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Publisher's Summary

The Association of Small Bombs is an expansive and deeply humane novel that is at once groundbreaking in empathy, dazzling in acuity, and ambitious in scope.
When brothers Tushar and Nakul Khurana, two Delhi schoolboys, pick up their family's television at a repair shop with their friend, Mansoor Ahmed, one day in 1996, disaster strikes without warning. A bomb - one of the many "small" bombs that go off seemingly unheralded across the world - detonates in the Delhi marketplace, instantly claiming the lives of the Khurana boys, to the devastation of their parents. Mansoor survives, bearing the physical and psychological effects of the bomb.
After a brief stint at a university in America, Mansoor returns to Delhi, where his life becomes entangled with the mysterious and charismatic Ayub, a fearless young activist whose own allegiances and beliefs are more malleable than Mansoor could imagine. Woven into the story of the Khuranas and the Ahmeds is the gripping tale of Shockie, a Kashmiri bomb maker who has forsaken his own life for the independence of his homeland.
Karan Mahajan writes brilliantly about the effects of terrorism on victims and perpetrators, proving himself to be one of the most provocative and dynamic novelists of his generation.
©2016 Karan Mahajan (P)2016 Blackstone Audio, Inc.
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Customer Reviews

Most Helpful

By jdukuray on 07-22-16

A tragedy of manners

What does Neil Shah bring to the story that you wouldn’t experience if you just read the book?

He is an excellent reader, just the right amount of personalization of the various characters, and flawless pronunciation.

Any additional comments?

For about the first half of the book it was a kind of comedy of manners for terrorists and their victims, with a lot about the foibles of the all-too-human characters. The book becomes, I would say, progressively dark as the ramifications of destructiveness are played out: parent who, having lost their children, cannot find their way back to life. Young men who experience oppression as Muslims in India, as well as other losses, who lose their way and then their lives. Others who are ruined by the brutal and capricious state. The author explores all this with great sensitivity to his characters. The author is also a fine writer, with many interesting metaphors (which I wish I had written down), but who also maintains a good pace in his story.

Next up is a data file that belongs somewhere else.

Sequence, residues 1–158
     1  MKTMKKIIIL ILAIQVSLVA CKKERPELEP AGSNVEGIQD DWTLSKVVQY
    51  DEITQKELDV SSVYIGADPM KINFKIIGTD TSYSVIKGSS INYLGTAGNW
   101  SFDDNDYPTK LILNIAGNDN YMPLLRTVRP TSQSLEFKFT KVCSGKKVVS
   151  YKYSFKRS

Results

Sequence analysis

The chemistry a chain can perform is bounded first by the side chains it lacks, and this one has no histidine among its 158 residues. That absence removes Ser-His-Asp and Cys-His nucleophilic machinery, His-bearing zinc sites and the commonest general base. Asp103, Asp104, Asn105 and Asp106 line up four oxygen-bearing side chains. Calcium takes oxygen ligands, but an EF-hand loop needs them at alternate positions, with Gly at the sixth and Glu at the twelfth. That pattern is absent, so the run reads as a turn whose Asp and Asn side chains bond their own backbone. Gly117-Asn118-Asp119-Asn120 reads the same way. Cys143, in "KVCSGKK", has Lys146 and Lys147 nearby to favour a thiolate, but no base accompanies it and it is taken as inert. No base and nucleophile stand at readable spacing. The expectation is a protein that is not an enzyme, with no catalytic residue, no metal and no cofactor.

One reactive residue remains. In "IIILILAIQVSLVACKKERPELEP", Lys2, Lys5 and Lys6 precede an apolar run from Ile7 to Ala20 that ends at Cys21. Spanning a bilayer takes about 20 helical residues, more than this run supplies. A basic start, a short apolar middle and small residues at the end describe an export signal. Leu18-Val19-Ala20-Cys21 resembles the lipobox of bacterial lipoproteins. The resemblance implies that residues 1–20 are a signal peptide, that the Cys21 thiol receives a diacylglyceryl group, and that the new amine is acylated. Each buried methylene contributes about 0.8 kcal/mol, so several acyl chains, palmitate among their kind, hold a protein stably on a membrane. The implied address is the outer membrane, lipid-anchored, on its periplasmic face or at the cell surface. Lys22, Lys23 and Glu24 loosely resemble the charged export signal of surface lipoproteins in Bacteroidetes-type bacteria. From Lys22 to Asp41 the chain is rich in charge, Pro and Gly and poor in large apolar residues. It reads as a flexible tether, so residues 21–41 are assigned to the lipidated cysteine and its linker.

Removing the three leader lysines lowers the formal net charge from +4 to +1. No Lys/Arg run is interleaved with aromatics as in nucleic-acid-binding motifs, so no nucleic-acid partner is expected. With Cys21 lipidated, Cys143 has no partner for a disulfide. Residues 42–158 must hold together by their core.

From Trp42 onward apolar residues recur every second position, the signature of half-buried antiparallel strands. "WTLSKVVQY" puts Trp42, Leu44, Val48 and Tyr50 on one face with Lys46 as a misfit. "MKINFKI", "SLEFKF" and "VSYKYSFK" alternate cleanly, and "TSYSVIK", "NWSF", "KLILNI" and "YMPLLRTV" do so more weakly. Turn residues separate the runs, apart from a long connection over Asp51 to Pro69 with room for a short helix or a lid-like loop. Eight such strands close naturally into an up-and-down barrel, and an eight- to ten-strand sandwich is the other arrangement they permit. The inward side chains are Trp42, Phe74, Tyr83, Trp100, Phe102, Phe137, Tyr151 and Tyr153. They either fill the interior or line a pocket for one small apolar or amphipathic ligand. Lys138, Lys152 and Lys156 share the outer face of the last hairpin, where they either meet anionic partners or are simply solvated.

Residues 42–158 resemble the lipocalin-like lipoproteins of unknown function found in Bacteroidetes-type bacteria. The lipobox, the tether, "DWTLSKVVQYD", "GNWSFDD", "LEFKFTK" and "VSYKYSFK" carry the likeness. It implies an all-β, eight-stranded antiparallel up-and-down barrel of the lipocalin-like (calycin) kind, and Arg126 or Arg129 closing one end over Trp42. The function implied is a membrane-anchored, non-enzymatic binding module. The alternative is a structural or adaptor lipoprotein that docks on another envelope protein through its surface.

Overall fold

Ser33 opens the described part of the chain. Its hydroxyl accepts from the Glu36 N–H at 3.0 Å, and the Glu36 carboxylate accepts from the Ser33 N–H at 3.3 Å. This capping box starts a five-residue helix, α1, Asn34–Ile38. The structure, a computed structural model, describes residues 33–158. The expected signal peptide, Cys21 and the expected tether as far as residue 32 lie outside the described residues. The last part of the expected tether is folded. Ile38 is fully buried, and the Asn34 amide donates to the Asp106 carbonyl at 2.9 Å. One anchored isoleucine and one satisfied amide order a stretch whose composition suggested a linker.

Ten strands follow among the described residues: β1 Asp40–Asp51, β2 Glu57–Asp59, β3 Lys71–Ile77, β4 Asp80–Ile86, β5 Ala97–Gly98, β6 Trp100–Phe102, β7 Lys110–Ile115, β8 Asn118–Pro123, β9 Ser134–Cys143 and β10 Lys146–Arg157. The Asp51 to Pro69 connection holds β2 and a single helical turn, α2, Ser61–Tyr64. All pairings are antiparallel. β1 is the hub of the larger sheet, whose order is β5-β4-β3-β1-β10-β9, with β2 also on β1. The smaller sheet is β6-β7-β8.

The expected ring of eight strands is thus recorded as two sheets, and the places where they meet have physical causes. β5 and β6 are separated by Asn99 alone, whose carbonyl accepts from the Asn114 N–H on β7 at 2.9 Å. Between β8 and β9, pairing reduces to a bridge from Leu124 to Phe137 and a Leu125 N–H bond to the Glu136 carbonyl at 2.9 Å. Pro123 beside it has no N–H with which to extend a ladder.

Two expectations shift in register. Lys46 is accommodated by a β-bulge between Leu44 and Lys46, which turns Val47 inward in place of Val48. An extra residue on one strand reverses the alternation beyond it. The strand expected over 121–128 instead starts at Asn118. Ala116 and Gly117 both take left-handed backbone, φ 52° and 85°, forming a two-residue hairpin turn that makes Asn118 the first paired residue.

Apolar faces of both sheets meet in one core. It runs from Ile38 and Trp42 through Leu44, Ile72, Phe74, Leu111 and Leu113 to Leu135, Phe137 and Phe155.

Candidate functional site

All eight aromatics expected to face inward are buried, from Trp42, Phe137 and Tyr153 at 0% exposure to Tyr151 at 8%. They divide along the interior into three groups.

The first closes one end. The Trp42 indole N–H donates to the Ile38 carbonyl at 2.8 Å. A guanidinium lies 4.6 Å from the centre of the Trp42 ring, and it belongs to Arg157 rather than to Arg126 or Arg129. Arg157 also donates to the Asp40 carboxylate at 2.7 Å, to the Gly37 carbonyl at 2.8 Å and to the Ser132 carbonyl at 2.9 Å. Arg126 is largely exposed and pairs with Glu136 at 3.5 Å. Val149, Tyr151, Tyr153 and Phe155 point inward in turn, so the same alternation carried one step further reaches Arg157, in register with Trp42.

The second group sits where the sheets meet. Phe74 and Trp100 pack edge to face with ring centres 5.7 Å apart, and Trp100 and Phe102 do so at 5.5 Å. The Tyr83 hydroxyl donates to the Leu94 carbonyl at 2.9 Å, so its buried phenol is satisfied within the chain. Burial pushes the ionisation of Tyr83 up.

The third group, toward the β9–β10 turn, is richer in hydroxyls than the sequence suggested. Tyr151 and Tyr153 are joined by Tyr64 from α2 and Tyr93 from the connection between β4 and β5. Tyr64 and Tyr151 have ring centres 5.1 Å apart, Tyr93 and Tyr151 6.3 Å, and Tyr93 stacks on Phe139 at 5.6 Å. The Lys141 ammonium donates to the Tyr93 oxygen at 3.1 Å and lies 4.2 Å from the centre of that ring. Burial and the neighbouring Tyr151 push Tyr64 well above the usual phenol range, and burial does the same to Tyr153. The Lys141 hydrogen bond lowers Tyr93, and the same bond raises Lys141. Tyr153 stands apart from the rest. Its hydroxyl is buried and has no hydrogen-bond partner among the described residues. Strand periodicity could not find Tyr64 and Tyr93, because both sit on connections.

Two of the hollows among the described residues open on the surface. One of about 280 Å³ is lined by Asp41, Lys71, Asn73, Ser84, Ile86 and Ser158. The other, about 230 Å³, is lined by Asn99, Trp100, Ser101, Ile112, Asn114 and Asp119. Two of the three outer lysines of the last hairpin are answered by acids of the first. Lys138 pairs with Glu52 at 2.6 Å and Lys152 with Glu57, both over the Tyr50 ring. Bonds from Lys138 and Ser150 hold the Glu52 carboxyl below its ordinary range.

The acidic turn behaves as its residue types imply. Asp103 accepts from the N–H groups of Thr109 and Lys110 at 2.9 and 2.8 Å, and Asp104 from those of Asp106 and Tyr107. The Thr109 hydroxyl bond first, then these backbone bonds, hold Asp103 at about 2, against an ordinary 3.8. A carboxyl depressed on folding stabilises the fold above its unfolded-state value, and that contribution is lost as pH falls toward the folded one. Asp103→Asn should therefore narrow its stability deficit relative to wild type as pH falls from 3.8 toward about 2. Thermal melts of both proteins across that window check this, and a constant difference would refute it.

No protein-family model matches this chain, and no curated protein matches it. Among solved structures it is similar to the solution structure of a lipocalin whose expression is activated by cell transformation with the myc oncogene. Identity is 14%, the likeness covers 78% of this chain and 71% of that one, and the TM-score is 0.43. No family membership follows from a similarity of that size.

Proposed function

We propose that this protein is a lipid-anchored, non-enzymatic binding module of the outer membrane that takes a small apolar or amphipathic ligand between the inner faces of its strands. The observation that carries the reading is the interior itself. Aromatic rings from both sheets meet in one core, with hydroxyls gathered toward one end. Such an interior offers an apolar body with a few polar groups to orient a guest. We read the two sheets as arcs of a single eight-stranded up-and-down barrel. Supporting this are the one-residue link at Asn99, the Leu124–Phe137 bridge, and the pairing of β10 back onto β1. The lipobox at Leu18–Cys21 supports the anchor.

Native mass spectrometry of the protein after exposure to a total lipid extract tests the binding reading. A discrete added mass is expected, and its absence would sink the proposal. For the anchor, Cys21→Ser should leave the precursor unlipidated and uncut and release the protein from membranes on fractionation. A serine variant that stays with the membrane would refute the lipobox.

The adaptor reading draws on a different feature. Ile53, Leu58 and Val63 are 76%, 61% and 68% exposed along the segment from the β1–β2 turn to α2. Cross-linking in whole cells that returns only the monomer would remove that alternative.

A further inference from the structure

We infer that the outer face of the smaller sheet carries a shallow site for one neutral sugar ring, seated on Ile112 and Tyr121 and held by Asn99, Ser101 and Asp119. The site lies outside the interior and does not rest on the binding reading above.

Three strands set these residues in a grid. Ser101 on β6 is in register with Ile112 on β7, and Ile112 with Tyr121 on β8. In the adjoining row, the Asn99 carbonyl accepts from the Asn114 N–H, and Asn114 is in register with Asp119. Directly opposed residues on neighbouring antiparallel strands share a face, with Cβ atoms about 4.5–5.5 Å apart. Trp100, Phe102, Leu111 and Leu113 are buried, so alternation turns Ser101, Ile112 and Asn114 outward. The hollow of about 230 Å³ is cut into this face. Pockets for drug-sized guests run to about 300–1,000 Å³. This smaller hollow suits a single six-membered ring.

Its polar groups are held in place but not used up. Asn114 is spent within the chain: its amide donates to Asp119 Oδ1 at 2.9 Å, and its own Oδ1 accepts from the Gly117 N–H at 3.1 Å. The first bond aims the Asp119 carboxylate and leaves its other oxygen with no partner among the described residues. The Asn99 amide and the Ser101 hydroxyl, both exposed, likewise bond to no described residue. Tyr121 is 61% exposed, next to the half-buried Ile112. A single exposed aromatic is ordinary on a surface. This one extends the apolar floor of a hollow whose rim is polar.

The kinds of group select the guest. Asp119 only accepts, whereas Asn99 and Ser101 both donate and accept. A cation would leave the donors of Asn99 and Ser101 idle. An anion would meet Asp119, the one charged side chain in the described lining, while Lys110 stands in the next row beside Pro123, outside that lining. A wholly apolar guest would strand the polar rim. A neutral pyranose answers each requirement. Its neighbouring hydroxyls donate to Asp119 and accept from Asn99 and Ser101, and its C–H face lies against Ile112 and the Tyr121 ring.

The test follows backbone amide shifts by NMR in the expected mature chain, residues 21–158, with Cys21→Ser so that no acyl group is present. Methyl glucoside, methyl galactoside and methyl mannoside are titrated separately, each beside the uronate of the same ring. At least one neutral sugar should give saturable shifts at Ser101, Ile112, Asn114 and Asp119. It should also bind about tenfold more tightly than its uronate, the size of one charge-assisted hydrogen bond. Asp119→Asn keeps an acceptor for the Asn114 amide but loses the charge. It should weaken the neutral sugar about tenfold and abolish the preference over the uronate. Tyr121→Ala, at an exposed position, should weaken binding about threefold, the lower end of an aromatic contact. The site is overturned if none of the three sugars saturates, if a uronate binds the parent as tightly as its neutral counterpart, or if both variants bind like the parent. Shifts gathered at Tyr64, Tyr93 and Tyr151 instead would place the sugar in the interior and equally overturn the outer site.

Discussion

Things do decidedly not come right in the end, but the book is not a complete downer either. In addition to the humor of human frailty, there is the author's compassion that keeps the lights on throughout.

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40 of 42 people found this review helpful


By Matt Kaul on 04-04-16

Amazing novel, exceptionally performed

This book was astonishing, and its narrator is outstanding, performing a wide range of voices and accents with distinction.

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29 of 31 people found this review helpful

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